The Transit App and Private Sector MaaS Approaches, 2020

  • Date Launched: Sep 15, 2020
  • Pilot Project Timeframe: Date published on Learning Center.


Several travel planning apps with MaaS-like integration functions have been developed recently. An early leader in the space, Moovit, was acquired in May of 2020 by Intel for $900 Million. Citymapper is another. Since launching in 2012, the Transit app, developed by the company of the same name, has grown to be a leading example of MaaS efforts at scale in North America. The company began its journey by partnering with transit agencies to aggregate schedules from multiple agencies, publishing frequency and service information so that a user could navigate the transit system in any participating city. Eventually, they also added the public API feeds from micromobility companies, showing real-time locations of scooters and bikeshare bikes. In 2016, the company introduced payment for many bikeshare systems in partnership with one of the biggest operators, Motivate, clearing a major hurdle towards payment integration. Beginning in 2018, Transit also launched transit fare payments in their app, steadily adding more payment options across North America in partnership with agencies. In multiple cities, they became the “official” transit-planning app, a sometimes informal arrangement in which the agency promotes the app and the app provides a local fare payment option. This has pushed the brand ahead as it has grown to be the transit app for dozens of U.S. cities. By integrating multimodal planning, booking, and payment for single trips, The Transit app stands out as one of the few examples of apps that integrate multimodal planning, booking, and payment for single trips. The Transit app is primarily backed by venture capital, but it receives some funding from the local transit agencies that it partners with directly to integrate ticketing.­­­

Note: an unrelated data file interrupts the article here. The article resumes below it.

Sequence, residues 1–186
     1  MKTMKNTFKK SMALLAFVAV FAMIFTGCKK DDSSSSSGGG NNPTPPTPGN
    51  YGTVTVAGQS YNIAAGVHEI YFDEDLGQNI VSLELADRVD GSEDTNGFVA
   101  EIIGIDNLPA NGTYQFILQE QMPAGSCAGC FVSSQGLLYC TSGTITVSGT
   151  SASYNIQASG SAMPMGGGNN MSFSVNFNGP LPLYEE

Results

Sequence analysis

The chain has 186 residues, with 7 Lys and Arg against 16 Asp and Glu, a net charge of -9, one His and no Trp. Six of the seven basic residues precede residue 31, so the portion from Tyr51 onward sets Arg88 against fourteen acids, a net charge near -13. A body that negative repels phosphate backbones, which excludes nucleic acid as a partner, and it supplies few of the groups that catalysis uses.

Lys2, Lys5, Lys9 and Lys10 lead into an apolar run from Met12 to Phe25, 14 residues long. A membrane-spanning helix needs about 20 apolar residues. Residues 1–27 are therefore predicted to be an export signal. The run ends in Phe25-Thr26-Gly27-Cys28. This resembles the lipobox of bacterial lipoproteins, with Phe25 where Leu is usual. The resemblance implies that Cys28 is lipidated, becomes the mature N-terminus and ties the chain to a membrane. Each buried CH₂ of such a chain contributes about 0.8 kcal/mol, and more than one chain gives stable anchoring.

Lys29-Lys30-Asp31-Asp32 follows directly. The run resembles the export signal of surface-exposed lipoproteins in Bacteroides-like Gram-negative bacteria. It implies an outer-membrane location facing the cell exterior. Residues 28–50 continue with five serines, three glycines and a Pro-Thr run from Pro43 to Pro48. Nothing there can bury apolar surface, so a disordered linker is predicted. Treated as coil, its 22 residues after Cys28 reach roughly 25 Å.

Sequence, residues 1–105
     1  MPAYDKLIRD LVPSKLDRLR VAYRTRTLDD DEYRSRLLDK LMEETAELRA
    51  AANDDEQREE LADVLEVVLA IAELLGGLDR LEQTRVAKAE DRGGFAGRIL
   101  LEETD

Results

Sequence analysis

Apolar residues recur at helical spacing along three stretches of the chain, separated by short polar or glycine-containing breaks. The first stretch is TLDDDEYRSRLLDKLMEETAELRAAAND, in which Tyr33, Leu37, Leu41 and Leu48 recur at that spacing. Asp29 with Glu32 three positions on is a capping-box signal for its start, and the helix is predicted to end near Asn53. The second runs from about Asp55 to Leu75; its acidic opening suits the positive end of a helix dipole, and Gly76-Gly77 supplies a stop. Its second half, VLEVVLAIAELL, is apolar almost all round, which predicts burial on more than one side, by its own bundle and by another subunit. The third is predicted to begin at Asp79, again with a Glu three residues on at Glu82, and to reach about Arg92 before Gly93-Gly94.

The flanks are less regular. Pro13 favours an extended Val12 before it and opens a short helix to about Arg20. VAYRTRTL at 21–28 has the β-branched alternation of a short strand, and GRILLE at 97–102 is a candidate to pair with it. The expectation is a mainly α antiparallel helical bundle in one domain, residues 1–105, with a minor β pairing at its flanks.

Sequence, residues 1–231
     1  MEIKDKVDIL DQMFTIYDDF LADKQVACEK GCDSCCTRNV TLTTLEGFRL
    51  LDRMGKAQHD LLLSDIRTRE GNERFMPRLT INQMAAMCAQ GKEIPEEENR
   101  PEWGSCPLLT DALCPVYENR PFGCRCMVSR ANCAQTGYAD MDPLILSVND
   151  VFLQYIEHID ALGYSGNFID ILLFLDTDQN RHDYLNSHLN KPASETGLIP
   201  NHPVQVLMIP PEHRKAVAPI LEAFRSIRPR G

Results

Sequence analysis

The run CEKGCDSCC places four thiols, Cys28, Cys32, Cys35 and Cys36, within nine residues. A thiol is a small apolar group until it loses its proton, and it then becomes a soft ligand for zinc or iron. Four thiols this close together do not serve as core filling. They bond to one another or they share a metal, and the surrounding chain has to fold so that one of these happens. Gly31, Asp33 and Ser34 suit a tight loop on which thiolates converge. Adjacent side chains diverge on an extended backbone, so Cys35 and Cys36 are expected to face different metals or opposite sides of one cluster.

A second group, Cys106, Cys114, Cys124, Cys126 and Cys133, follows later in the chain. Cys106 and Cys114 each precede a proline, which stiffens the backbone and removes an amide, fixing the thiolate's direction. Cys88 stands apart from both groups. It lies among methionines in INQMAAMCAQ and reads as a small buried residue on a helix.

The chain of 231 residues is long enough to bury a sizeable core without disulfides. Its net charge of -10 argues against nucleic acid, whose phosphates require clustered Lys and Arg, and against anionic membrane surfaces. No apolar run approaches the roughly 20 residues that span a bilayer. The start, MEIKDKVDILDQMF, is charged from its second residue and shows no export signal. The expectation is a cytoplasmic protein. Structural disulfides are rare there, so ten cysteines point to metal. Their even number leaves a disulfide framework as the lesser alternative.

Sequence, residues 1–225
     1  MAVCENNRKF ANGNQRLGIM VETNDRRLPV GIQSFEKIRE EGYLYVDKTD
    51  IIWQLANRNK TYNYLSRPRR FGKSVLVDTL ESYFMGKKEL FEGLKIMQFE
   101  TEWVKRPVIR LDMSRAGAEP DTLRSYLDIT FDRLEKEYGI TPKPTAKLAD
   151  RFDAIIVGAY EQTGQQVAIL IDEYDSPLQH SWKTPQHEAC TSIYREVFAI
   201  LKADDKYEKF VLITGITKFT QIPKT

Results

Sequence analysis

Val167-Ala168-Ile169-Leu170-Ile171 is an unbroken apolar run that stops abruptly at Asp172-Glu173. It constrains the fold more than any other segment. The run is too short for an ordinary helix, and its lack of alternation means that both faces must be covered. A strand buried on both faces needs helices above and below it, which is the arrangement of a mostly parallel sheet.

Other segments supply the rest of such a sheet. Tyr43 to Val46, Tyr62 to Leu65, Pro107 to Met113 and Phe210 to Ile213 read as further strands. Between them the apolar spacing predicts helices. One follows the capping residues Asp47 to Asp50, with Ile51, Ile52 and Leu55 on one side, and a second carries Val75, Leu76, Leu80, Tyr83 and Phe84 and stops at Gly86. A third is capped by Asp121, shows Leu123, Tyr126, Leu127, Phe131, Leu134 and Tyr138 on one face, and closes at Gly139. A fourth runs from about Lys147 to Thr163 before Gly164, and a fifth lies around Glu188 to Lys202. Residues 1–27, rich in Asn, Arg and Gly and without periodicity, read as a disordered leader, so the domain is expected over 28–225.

Much of the data the Transit app uses is widely available, thanks to public efforts. Part of this integration is due to standardized information feeds. The General Bikeshare Feed Specification (GBFS) used for bikeshare grew from the similar General Transit Feed Specification (GTFS), which was developed through a partnership between Google and Portland’s TriMet to develop a consolidated stream of information from transit agencies to tech companies. In both cases, a standard data reporting format allows third-party apps like the Transit app to display real time information like headways, bike location, or service disruptions..

Because of the public nature of this data, operators like Uber and Lyft have begun offering transit frequency and service information within their own apps. Unlike MaaS principles and platforms that are built on comprehensiveness, these multimodal companies intend to keep riders using their private app exclusively. Critics have referred to this approach as a walled-garden, where many options are available on a single app but only those provided by the app’s parent company. The threat of walled gardens has grown with industry consolidations including major scooter company acquisitions by both Uber and Lyft, and it became apparent when Lyft procured the bikeshare company Motivate and took their data off the publicly available stream. Now, users must use the Lyft app to access bikeshare information for those systems. While the Transit app’s business model is based on the aggregation of services, most mobility companies are focused on volume and exclusivity. The visibility of transit on Uber and Lyft is likely a net gain, but critics question the prospect of a monopoly on multimodalism.

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